What to Do When Parents Say No

Reflect on the way you’ve represented your great ideas before.

You’ve sounded certain about so many other things that you are no longer very interested in. They’ve seen you dating three or four different people and every one of them, you thought, was God’s one for you. How are your parents to know this plan to go overseas is not just another of your many enthusiasms?

Ask them to pray with you for several months about your plans.

If your parents are Christians, say to them, “Can we both seek the guidance of God during the next six months? If it’s right for me, I trust that God will show that to you. If that’s not so, then one of us is wrong. And it may be me.” This kind of humility is important.

Ask them why they feel as they do. And listen carefully!

They may be right! As your parents, they know you better than you know yourself. Let them know you really want to know why they are so strongly opposed. Then question yourself quite carefully. A high proportion of missionaries should never have gone overseas. I know people who really didn’t have what it took to be out there. If I had only spoken to their parents first, I would have known that.

Introduce them to someone senior in the mission agency.

When my parents met some people who are overseeing me, they found out they were good and competent people, and they were not odd. I got out of the way for part of that time so my parents could talk to the mission representatives alone. Then they could say things they knew about me that the mission needed to know.

Let them know you haven’t just dismissed their objections.

I said to my dad, “You’re right, Dad. I realize that if I follow what I believe to be the Lord’s call to the mission field, that means I won’t have the kind of career I would if I stayed here. Neither will I earn the kind of money that I could. I’ve really struggled with that. But I’ve come to the conclusion that there are bigger values and issues.”

Bear in mind the ridicule your parents may face from friends.

Sometimes the criticisms they express most stridently are not what they feel, but are reflections of the unkind things other people have said to them that they couldn’t answer. Confronting you may be their way of looking for answers.

Express your gratitude for their past provisions for you.

I said, “Dad, I couldn’t be doing this were it not for the excellent education you’ve given me. If I need all this education to make progress in this society, I need even more to be effective in another culture.”

Help them to realize many missionaries are dealing with more urgent and fundamental questions than what we meet here.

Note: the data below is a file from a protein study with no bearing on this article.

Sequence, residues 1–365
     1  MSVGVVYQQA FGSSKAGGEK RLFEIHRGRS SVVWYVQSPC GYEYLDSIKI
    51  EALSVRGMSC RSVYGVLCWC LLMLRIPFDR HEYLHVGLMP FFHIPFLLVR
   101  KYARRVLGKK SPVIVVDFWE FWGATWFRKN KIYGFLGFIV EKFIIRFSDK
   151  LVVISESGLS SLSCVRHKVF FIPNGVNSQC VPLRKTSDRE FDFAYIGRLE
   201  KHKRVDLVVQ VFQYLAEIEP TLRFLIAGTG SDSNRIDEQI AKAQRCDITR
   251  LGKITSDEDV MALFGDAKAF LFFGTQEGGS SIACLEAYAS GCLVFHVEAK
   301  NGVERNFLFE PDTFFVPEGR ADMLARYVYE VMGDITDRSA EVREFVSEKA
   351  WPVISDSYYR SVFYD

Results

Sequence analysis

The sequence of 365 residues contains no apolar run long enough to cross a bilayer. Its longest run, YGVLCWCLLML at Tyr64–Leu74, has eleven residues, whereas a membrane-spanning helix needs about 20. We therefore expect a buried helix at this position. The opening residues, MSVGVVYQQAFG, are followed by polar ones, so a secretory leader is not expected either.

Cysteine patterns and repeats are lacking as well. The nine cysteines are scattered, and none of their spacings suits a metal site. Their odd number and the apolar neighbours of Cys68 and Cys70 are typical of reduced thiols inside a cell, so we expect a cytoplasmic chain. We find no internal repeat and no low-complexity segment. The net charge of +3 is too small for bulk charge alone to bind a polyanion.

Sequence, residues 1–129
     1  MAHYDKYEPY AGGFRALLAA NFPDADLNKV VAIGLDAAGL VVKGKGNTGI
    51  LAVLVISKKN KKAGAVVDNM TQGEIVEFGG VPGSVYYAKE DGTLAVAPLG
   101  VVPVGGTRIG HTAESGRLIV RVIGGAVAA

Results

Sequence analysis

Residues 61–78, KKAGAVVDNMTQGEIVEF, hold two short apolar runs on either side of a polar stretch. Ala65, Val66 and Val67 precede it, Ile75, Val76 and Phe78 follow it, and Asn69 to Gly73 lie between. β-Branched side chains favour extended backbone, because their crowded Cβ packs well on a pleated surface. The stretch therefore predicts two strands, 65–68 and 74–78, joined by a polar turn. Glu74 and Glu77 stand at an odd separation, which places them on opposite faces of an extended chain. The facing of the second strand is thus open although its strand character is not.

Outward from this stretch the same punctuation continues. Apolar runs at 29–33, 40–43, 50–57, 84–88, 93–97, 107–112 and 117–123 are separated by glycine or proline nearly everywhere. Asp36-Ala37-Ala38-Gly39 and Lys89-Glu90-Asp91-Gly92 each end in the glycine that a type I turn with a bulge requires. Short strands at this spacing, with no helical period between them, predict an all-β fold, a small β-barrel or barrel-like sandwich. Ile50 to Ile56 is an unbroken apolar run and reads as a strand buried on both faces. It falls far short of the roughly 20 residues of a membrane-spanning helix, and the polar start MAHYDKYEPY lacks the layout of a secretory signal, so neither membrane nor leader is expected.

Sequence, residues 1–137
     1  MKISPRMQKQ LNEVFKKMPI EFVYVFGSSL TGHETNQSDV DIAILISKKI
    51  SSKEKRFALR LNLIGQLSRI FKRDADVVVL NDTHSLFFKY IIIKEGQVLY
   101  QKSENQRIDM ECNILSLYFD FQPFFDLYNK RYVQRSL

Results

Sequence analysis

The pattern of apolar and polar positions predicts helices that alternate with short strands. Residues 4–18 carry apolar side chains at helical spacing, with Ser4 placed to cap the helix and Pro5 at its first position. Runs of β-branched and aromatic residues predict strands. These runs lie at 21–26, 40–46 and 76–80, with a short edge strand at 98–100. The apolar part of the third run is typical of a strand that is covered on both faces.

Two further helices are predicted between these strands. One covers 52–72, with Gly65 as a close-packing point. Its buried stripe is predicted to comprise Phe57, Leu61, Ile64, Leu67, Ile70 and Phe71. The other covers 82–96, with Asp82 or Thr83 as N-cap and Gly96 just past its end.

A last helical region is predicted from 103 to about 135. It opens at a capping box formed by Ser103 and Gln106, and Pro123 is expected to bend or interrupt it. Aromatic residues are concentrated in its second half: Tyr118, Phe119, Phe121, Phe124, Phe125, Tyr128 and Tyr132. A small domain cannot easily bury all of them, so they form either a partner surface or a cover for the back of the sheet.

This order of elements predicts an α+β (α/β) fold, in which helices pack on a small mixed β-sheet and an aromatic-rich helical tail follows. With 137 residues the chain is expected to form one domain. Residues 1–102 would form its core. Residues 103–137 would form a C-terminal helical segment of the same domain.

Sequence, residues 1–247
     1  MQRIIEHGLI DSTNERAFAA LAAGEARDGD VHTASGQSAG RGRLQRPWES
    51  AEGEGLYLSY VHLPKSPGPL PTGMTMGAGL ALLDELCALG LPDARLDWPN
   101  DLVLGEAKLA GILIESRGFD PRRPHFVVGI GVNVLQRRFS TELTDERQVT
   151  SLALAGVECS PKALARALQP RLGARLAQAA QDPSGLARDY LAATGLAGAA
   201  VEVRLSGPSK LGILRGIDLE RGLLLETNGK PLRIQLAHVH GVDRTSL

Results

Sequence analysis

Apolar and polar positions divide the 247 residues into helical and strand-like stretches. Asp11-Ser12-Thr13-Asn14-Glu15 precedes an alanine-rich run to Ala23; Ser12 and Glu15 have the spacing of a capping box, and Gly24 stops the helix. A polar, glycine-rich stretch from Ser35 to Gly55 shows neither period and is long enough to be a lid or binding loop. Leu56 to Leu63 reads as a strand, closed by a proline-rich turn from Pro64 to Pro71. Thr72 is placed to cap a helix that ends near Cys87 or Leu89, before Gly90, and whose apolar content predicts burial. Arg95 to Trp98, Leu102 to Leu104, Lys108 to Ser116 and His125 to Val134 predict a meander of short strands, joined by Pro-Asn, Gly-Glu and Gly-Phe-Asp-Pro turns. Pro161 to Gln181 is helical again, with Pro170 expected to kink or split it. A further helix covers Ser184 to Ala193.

For instance, the missionaries in my mission are saving whole populations from starvation, helping develop agriculture, teaching farm management and developing literacy programs. A number of parents visited our work and were very impressed with what we were doing. One father, a cattle breeder, looked over our stock and gave the most unusual gift any mission may have ever gotten- -bull semen!

Seek counsel from an older Christian who knows your family.

The point may come when you must go in the face of parental opposition. But first, find an older Christian who will tell you whether you’re an impetuous young person. If so, perhaps you should wait for a little while. A year may seem like the end of the world to you, but it may be better for you to go later.

If you do leave in the face of parental opposition, it’s good to know you have left behind somebody who cares for you and your parents. A lot can happen while you’re away. I’ve seen antagonistic parents won over, and I’ve seen the chasm become so wide that it can never be bridged. Having this mutual friend helps prevent the chasm from getting any wider.

Let them know you’ll take care of them as they grow older.

It’s good to have a family chat with siblings about who will take care of your parents as they grow older. It’s our Christian responsibility to see that our parents have adequate provision and care.

Realize the costs they pay when you go overseas.

Parents face more of the costs of missionary service than their children. You’ve got the adventure; you get to go to new places. But your parents are left behind, with your photograph over the fireplace. The Lord may assess their contribution as greater than yours.

It’s also important to show your appreciation for their sacrifice; once you leave, go out of your way to keep up the communication. My wife, Renee, and I still call her parents in England once a month. (Utilize Skype! And be sure to have great communication with your parents before you go to the field, too.)

We tried to give our parents such a clear description of our daily activities that they could sit in their armchair on a winter’s evening and picture exactly what we were doing. We often slipped copies of our slides (without the cardboard frame) into our letters. We sent my parents one of a Mapuche woman holding our 4-year-old, just like a granny. Wouldn’t you know, that’s the photo they put over the mantelpiece.

This article originally appeared at campuscrusadeforchrist.org.